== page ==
Award

Joshua-Tor recognized as ‘one of the top scientists in her field’

She won the ASBMB's Mildred Cohn Award in Biological Chemistry
Alexandra Nail
By Alexandra Nail
April 01, 2018

Leemor Joshua–Tor, a professor at Cold Spring Harbor Laboratory and a Howard Hughes Medical Institute investigator, has won the 2018 Mildred Cohn Award in Biological Chemistry from the American Society for Biochemistry and Molecular Biology. Named for the first female president of the ASBMB, the award is given to scientists who have used pioneering approaches to understand biological chemistry. Joshua–Tor is recognized for her work in resolving the structures of proteins involved in gene silencing, DNA replication and gene regulation in yeast.


 

“I’m so thrilled to be honored with this award named after such an incredible trail blazer as Mildred Cohn. What an inspiration!”

— LEEMOR JOSHUA-TOR

Bruce Stillman, a colleague at Cold Spring Harbor, nominated Joshua–Tor for the award, writing that her “structural and biochemical insights have provided significant breakthroughs to our understanding of important cellular processes.”

Joshua–Tor began her scientific career working for the Israel Defense Forces in research and development. As a graduate student, she worked in the lab of Joel Sussman at the Weizmann Institute of Science where she mastered X-ray crystallography and studied abnormalities in DNA structure. During her postdoctoral work at the California Institute of Technology, she focused on hexameric compartmentalized proteases called bleomycin hydrolases.

Joshua–Tor’s major contributions have focused on structural characterization of proteins in RNA-mediated silencing; helicase mechanisms in DNA replication; and galactose, or GAL, protein interactions in yeast-gene regulation. Her lab was the first to identify Argonaute as the protein in the RNA-induced silencing complex that carries out the cleavage of mRNA for gene silencing. Later collaborations with Greg Hannon at Cold Spring Harbor showed that only Argonaute and silencing RNA were needed for cleavage of mRNA targets and effective RNA interference.

Joshua–Tor’s group also has investigated the mechanism of DNA translocation by DNA helicases and how helicase is able to unwind DNA during the replication process. John Kuriyan, a professor of molecular and cell biology at the University of California, Berkeley, supported Joshua–Tor’s nomination for the Cohn award, writing of this work, “In one swoop, this paper showed how helicase recognizes DNA and how ATP binding and hydrolysis results in a spiral staircase that reptates around the DNA.”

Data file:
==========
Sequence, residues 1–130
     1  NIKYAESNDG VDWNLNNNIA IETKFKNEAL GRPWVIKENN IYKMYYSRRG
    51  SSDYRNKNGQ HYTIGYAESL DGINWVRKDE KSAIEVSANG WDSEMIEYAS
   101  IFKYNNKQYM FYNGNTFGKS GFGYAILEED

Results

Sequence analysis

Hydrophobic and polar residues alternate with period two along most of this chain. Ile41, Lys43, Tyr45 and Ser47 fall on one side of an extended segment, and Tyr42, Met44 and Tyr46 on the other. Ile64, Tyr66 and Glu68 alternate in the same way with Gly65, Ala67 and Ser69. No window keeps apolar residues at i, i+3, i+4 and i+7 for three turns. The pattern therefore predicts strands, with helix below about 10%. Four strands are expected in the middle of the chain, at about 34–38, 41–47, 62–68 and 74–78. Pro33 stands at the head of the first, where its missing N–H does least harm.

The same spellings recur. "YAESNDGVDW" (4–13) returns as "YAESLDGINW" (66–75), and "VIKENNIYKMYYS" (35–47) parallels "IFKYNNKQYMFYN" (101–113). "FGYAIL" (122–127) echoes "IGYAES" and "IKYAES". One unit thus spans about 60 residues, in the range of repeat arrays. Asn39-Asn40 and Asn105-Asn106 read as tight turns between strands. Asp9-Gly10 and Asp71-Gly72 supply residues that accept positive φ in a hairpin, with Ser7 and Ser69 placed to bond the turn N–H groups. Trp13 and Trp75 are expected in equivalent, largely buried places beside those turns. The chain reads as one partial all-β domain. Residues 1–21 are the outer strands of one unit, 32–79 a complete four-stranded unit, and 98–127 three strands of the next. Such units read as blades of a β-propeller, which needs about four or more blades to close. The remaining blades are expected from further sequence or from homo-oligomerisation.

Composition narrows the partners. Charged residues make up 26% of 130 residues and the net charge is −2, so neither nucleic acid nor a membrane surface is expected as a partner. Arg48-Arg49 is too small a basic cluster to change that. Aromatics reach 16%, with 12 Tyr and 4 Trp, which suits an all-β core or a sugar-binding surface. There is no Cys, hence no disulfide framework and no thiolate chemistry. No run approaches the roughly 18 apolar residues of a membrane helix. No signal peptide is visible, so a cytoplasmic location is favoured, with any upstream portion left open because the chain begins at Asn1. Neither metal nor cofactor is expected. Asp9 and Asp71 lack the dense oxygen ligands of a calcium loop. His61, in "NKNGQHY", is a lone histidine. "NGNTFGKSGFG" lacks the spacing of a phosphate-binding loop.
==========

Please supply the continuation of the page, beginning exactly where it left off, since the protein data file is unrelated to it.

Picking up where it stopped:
Joshua–Tor and her team solved the structure of the transcriptional repressor GAL80, which binds to and represses the GAL4 activator protein important for galactose utilization in yeast. Before her work, it was not known how GAL80 was able to dissociate rapidly from GAL4 to allow for galactose metabolism.

Joshua–Tor’s lab now focuses on mechanisms of RNAi and DNA replication, including the regulation of the important miRNA let-7. Her lab has also recently solved the structure of the human origin recognition complex, using combined X-ray crystallography and cryo-electron microscopy to create three-dimensional images of proteins.

Joshua–Tor has received numerous awards over the years, including the American Council on Education Women’s Network Women in Science and Education Leadership Award, the Dorothy Crowfoot Hodgkin Award from the Protein Society, and the Beckman Young Investigator Award from the Arnold and Mabel Beckman Foundation.

Joshua–Tor will receive her award during the 2018 ASBMB Annual Meeting in San Diego, where she will deliver an award lecture titled “The origin recognition complex: where it all begins.” The presentation will take place at 8:30 a.m. April 23 in Room 6B in the San Diego Convention Center.

Alexandra Nail
Alexandra Nail

Alexandra Nail is a ph.D. candidate at the University of Kentucky.

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